we would just start the scene and sometimes we wouldn't follow
any of the lines. Sometimes, there would be no lines at all.
Sometimes some of the scenes with Kay, I don't even remember,
because we were so into it. You know, we'd come out of a scene
and the next day she's like, 'Do you remember me stepping
on your foot really hard during that scene?' I'm like, 'No,
honestly, I'm sorry I don't!'," Emily laughed.
"But, it's very cool and that's why I love my job so
much. Because, what I do is so creative and it takes me to
this other space of your mind that you didn't know you had
until you're there. And, to create a different character is
like I don't know, it's like having some sort of role you
had where you can only be one thing for however many minutes
the scene is and then you switch and you're something else.
But, it's very, very cool."
Emily couldn't say enough about how much she enjoyed working
on the film. She had plenty more to share about everything
from her own experience with bullies to how her role on this
compared to her beloved role on Hannah Montana. Make sure
to read below to find out everything she had to say!
Cyber bullying is such a huge topic these days. Did you
have to do any research to be in the role, and have you been
bullied? As a celebrity, I'm sure you've been raked through
the mud a little bit though.
That's a good question. This movie I knew was going to be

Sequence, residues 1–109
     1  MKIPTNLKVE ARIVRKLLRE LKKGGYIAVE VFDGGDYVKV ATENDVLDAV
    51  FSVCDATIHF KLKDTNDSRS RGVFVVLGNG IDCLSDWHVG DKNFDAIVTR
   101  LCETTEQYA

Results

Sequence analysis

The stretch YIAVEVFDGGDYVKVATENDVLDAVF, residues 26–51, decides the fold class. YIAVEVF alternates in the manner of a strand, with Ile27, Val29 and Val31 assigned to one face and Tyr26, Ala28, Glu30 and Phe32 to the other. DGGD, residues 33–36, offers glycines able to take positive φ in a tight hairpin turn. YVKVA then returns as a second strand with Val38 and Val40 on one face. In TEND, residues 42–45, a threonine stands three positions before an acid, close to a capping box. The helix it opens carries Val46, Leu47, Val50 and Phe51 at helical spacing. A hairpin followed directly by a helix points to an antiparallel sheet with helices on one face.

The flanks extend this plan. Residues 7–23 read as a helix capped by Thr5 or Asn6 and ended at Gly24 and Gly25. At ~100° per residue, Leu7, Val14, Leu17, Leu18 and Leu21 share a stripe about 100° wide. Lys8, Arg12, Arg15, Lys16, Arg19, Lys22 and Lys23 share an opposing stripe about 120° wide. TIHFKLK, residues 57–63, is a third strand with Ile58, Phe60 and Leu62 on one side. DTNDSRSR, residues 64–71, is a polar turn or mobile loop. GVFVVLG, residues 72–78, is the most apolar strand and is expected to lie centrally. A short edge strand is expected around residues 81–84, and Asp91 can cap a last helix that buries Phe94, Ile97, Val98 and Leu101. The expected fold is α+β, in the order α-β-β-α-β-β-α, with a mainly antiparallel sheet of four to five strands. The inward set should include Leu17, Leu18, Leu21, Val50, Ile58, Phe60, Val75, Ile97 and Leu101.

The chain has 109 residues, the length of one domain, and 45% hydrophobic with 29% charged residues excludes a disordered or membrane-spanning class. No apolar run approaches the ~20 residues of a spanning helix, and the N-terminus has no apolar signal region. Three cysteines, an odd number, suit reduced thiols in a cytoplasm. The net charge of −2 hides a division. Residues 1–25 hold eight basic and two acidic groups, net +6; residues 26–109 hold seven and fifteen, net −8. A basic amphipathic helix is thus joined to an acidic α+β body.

a journey in all sense of the word. I definitely spoke with
my mom before I began this project. She is an elementary school
teacher in sixth grade and as sad as it may seem elementary
school sometimes, that's where we get the bulk of the bullies,
especially before they turn into bigger bullies.
So, I spoke with her for a long time about what she sees
in her school and some of the cases that she's seen, and it's
frightening. It's very sad. And besides that, I spoke with
Joe Rice, who's our producer, I spoke with him for a very
long time when I read the script, and I loved it for many
reasons. One, was because I knew this was a character that
definitely, she has an arc. She starts at one place and she's,
as you said, actually, she drags through this mud a little
bit and then she comes out somewhere else. And to play a role
like that is an opportunity I haven't had before and I was
very happy with it and I was jumping at the opportunity.
And plus, this is a campaign that needs to have more publicity
surrounding it. I mean, cyber bullying is a topic that is
very hot right now. It's a very timely matter. I know that
Michelle Obama has a campaign that she is doing on it. Seventeen
magazine obviously is doing a huge campaign right now with
Delete Digital Drama. We have a rally next week on Thursday.
With this StompOutBullying.org that I'm an ambassador for,
I mean, there is just so much we're doing, and knowing that
going into this movie, knowing that it would be for a good
cause, and then also participating and playing a role that
I've never done before and in drama, which is a big step for
ABC Family, there was no reason for me not to do it.
What do you hope people take away from the film?
This is really a film for everyone. This is a film for parents
as well as for kids definitely, but I really encourage parents
to sit down and watch this with their kids because this is
a very impactful movie. If you're having trouble at home with
a kid who's being bullied and you don't know how to help them,
Kelly Rowan, who plays my mother in this, does an excellent
job of playing this mother who is caught between a divorce
and her job and two kids and she's so stressed-which a lot
of mothers in America sadly are, but, I mean, she does a great
job of showing how she doesn't really know how to help in
the beginning and then she becomes supermom. So, it truly
is a really good story and it's good for everyone.